Since Neil Young has been dubbed "The Godfather of Grunge," an argument could just as easily be made for dubbing Marc Bolan "The Godfather of Glam Metal."
Often seen sporting a feather boa and big hair, his style of showmanship was a pre-cursor to the over-the-top look and sound of eighties glam metal by the likes of Def Leppard, Poison, Motley Crue, and Skid Row (to name but a handful).
But in Bolan's music one can hear the strong rockabilly influences of the likes of Buddy Holly, Eddie Cochran, and Chuck Berry. However where their music merely implied sexuality, Marc's lyrics were often overtly sexual.
Take for example Raw Ramp:
"Ohhh woman I love your chest too
Baby, I'm crazy about your breasts
Ohhh woman, you think your a champ
But girl you ain't nothin' but a raw ramp"
Or even his mega-hit Bang a Gong (Get It On):
"Well, you're windy and wild
You got the blues in your shoes and your stockings,
You're windy and wild, oh yeah!
Well, you're built like a car
You got a hubcap diamond star halo,
You're dirty, sweet and you're my girl"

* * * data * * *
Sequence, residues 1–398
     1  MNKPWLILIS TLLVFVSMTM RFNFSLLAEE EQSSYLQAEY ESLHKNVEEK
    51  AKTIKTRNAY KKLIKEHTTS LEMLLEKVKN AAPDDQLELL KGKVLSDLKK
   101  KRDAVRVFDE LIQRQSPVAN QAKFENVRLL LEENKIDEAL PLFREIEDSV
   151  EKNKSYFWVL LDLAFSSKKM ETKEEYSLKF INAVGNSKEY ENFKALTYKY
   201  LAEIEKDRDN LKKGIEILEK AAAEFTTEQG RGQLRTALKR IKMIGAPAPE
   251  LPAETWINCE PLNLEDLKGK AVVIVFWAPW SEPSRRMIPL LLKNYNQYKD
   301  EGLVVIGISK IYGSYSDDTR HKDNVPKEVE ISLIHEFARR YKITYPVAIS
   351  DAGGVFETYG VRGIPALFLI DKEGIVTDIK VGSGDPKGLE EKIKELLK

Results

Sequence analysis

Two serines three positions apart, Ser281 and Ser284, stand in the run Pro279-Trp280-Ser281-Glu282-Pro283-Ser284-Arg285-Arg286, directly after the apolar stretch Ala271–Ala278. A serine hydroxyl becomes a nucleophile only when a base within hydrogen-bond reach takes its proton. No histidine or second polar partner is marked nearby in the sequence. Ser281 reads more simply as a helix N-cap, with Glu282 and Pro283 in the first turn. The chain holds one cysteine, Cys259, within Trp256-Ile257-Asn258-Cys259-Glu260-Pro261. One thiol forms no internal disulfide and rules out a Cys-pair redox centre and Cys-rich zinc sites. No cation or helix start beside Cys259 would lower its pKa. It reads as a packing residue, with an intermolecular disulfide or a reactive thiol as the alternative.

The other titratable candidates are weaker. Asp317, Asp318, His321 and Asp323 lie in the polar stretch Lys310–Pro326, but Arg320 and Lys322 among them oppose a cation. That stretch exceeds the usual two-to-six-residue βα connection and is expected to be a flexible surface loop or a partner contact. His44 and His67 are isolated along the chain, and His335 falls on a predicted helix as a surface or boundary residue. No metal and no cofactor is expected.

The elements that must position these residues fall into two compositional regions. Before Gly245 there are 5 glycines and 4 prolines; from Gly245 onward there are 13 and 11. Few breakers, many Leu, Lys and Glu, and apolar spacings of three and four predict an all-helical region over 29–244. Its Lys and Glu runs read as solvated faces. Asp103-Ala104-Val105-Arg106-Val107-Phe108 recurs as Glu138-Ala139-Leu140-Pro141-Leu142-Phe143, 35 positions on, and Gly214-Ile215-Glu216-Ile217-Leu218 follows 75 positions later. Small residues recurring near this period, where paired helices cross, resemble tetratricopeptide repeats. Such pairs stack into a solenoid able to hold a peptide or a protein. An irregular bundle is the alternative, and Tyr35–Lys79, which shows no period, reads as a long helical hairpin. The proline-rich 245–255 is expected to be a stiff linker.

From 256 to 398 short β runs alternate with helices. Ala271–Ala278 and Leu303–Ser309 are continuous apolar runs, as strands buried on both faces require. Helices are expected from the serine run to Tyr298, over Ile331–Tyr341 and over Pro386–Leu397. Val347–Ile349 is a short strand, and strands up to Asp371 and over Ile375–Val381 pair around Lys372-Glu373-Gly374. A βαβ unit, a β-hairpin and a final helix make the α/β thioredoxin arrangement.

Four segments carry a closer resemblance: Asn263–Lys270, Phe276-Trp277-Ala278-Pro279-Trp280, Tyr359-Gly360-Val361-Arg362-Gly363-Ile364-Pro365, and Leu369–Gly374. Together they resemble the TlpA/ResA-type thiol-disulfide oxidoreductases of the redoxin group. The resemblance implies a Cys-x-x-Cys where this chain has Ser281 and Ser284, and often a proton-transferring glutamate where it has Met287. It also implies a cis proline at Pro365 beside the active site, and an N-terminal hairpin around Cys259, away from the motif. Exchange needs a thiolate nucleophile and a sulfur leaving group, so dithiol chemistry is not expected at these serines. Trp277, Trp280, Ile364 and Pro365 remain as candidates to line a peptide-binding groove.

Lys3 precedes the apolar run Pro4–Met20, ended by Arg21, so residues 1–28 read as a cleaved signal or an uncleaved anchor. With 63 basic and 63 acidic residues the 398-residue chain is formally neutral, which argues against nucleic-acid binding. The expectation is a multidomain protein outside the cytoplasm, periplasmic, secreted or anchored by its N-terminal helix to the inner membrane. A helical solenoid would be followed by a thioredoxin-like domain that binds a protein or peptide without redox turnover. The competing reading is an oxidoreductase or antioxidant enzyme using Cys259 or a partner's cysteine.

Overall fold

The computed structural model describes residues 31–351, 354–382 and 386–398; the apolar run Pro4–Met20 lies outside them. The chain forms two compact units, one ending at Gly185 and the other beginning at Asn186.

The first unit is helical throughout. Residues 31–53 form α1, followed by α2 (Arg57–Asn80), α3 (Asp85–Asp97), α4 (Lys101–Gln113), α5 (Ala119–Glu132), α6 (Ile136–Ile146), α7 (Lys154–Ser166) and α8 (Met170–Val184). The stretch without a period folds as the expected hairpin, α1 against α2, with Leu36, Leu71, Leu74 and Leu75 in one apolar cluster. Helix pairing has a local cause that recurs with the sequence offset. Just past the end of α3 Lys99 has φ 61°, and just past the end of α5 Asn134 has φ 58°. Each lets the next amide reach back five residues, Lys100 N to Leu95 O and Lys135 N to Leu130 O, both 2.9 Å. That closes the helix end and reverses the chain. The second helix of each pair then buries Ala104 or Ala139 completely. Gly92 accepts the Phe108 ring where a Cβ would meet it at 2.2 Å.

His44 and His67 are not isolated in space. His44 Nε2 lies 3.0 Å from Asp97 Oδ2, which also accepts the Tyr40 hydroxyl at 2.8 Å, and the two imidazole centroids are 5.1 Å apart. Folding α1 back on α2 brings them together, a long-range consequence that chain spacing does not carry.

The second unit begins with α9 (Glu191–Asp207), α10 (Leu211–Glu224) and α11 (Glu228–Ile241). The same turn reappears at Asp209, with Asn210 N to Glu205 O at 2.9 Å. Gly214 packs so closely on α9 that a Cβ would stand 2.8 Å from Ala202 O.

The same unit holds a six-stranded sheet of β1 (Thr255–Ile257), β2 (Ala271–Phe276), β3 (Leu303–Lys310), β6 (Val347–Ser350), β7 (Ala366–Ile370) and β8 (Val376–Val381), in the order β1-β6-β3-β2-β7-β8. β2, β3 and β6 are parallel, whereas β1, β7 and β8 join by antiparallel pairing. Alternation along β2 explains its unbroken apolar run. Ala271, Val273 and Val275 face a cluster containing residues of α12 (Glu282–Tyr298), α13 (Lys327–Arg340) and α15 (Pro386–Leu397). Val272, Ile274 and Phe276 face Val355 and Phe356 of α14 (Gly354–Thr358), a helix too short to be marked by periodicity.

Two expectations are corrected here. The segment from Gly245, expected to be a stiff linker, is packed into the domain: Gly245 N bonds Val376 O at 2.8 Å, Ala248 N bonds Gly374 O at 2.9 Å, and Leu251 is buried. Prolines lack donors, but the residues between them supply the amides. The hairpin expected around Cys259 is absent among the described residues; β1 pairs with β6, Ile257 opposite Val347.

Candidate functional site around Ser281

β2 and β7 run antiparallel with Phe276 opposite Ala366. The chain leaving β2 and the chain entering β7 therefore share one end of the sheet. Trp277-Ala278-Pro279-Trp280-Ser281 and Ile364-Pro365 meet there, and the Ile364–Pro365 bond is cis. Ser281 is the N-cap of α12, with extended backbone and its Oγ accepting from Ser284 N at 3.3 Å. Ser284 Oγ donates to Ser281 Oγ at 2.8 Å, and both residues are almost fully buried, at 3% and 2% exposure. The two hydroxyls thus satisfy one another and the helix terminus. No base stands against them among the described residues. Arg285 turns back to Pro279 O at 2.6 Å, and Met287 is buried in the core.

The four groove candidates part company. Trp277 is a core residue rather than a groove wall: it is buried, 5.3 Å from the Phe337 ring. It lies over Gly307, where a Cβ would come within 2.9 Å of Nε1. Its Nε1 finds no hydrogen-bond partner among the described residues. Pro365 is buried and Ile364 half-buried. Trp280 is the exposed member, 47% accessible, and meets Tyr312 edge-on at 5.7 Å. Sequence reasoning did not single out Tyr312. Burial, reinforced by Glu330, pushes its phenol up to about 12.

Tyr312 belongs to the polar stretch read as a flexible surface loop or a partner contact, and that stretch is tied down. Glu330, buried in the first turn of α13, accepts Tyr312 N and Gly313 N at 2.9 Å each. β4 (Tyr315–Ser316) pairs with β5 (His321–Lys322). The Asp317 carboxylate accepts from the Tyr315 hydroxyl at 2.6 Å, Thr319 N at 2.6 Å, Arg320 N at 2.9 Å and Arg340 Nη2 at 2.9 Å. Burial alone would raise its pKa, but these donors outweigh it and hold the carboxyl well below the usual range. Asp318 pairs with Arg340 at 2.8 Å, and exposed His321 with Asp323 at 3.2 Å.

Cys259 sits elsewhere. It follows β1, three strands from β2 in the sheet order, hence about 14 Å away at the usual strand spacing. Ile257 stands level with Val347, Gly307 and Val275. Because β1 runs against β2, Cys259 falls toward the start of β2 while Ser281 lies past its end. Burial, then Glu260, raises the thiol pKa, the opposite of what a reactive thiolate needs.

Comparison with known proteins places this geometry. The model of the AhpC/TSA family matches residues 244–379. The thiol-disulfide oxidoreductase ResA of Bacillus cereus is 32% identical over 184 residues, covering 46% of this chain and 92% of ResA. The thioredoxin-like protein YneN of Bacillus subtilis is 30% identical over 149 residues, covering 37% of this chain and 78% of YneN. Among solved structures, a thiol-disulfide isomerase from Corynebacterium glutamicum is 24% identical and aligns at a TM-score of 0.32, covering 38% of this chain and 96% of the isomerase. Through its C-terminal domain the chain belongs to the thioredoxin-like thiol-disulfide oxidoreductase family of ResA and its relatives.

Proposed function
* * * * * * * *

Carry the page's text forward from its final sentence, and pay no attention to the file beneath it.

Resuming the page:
Electric Warrior marked the start of T-Rex's ascendance in popularity. An ascendance that would continue with The Slider, and Tanx.
While there are still some vestiges of T-Rex's folk roots, for the most part T-Rex's shift to glam was essentially completed by the release of this album.
Unfortunately, Bolan never enjoyed the same level of success in the United States that he enjoyed in his native England. He had a sense of musical adventurousness that was evident in his use of horns and sometimes even strings in many of T-Rex's songs. Had he lived longer, one wonders if he'd ever have attained the musical cult-hero status of his contemporary and friend, David Bowie-- a fellow artist who has often cited Bolan's lasting influence on his own music.
It's almost ironic that Bolan's blunt and overt lyrical style was largely influenced by the very Americans who have never really given him his due. The recent CD re-release of this classic album contains a handful of bonus tracks, and an extensive and thoroughly interesting radio interview Bolan did at the time of the album's release back in 1971.
When all is said and done, this album has a timelessness that prevents it from sounding as dated as much of this other music from this era now does. If you're not already familiar with his music, this album is the perfect introduction to T-Rex.